A recent article in the Washington Post summarizes the lack of urgency by WMATA to address and remedy safety concerns that continue with Metro operations and endanger passengers.
After the January, 2015 Metro smoke incident, which killed one passenger and left many others permanently injured, federal investigators identified serious safety violations. During its May, 2020 meeting, Washington Metro Safety Commission provided specific recommendations to address safety concerns. The commission noted a lack of urgency to adopt its recommendations, in spite of warnings that the December, 2015 tragedy could be repeated. For many of the problems cited in the 2015 investigation, little or no progress has been made to address the most important issues. Listed below some of the details from the findings:
- “Rail controllers must be provided proper, complete and recurring training on the use of emergency ventilation fans, and they must be provided immediate access to and familiarization with the vent fan playbook that was called for by the National Transportation Safety Board after the L’Enfant Plaza incident.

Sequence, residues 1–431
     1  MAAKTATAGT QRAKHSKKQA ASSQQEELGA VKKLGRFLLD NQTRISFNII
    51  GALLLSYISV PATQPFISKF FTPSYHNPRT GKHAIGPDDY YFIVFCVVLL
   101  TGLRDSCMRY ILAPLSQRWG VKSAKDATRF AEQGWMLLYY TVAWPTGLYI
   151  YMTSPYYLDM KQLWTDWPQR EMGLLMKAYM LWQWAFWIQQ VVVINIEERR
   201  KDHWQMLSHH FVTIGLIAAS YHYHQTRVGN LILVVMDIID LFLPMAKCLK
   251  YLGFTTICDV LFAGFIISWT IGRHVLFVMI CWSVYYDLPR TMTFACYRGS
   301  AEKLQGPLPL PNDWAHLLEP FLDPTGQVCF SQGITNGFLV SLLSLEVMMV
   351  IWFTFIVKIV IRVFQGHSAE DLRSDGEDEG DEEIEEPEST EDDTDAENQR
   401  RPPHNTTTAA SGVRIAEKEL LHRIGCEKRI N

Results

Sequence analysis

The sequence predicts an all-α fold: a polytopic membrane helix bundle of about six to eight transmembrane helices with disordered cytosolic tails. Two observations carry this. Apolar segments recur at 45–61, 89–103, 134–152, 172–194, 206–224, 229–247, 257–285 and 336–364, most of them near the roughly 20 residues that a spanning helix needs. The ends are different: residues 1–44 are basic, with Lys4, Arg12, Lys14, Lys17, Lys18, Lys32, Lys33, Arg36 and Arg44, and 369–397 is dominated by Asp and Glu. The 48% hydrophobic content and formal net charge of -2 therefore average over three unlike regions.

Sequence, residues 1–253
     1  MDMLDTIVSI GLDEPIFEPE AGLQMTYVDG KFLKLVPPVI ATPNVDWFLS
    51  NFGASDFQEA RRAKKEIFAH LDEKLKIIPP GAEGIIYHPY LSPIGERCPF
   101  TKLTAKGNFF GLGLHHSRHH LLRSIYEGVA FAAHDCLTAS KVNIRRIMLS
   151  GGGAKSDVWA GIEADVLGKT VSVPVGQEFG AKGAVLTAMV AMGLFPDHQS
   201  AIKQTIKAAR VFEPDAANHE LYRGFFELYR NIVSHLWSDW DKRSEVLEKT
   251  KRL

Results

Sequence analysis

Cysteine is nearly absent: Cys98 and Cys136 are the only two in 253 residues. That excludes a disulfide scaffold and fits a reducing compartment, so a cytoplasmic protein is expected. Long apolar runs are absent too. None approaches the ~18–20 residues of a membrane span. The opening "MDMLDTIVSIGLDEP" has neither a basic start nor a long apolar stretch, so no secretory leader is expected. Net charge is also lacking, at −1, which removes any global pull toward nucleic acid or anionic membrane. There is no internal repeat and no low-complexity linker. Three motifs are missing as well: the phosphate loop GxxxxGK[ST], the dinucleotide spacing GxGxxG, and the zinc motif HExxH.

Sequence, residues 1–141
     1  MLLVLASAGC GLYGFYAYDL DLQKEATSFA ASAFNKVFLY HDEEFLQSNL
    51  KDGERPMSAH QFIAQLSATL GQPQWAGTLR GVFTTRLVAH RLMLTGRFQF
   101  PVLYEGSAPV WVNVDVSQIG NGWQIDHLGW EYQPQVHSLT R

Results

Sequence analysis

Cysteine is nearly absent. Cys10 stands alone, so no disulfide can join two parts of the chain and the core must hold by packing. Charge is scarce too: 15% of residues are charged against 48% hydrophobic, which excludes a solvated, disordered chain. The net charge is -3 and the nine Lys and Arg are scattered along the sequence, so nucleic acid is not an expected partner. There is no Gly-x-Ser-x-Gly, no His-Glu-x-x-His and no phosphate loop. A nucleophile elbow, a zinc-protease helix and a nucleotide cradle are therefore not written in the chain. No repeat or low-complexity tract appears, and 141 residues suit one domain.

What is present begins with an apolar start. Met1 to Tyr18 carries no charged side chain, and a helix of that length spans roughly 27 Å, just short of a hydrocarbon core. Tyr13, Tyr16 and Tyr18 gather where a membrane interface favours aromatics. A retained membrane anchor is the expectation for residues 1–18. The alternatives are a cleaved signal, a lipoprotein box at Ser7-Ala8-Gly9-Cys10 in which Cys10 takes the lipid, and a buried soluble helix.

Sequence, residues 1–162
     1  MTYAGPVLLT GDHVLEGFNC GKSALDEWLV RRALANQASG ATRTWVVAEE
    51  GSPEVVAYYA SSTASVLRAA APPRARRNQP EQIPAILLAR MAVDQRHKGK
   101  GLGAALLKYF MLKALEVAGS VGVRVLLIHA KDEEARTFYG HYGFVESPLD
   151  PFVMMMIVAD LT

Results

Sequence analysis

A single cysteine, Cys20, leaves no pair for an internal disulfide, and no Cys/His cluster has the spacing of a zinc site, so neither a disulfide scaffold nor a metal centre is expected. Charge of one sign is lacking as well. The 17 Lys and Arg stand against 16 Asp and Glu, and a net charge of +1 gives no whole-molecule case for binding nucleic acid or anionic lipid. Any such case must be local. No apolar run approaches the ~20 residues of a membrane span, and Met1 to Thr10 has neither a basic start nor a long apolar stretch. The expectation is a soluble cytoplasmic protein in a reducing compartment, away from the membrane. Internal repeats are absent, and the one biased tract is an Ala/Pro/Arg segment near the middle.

- Rail operations control center managers and leadership must be prohibited from remotely manipulating consoles in the control center without coordinating with the controllers and verify by periodic audit, computer-generated reports, or both, that uncoordinated remote manipulation has ceased.
- Additional protections must be instituted to ensure that third-rail power is not restored prematurely, including but not limited to ensuring that managers and leadership permit controllers to follow all power restoration checklists and procedures to be certain power is restored only when it is safe to do so. These additional protections must include providing an independent approval from an appropriately qualified employee outside of the Office of Rail Transportation so that safe power restoration is always placed ahead of service metrics, such as on-time performance.”
In addition to the 2009 and 2015 Metro accidents that caused tragedy and death, Metro continues to have a number of near-miss incidents. Until there is real progress in adopting ongoing training, safety-rule certification and checklists for emergencies, passenger safety will continue to be a worry.
Author: Sal Zambri, Senior Partner and Founding Member of Regan Zambri Long PLLC. He can be reached at 202-822-1899 or firstname.lastname@example.org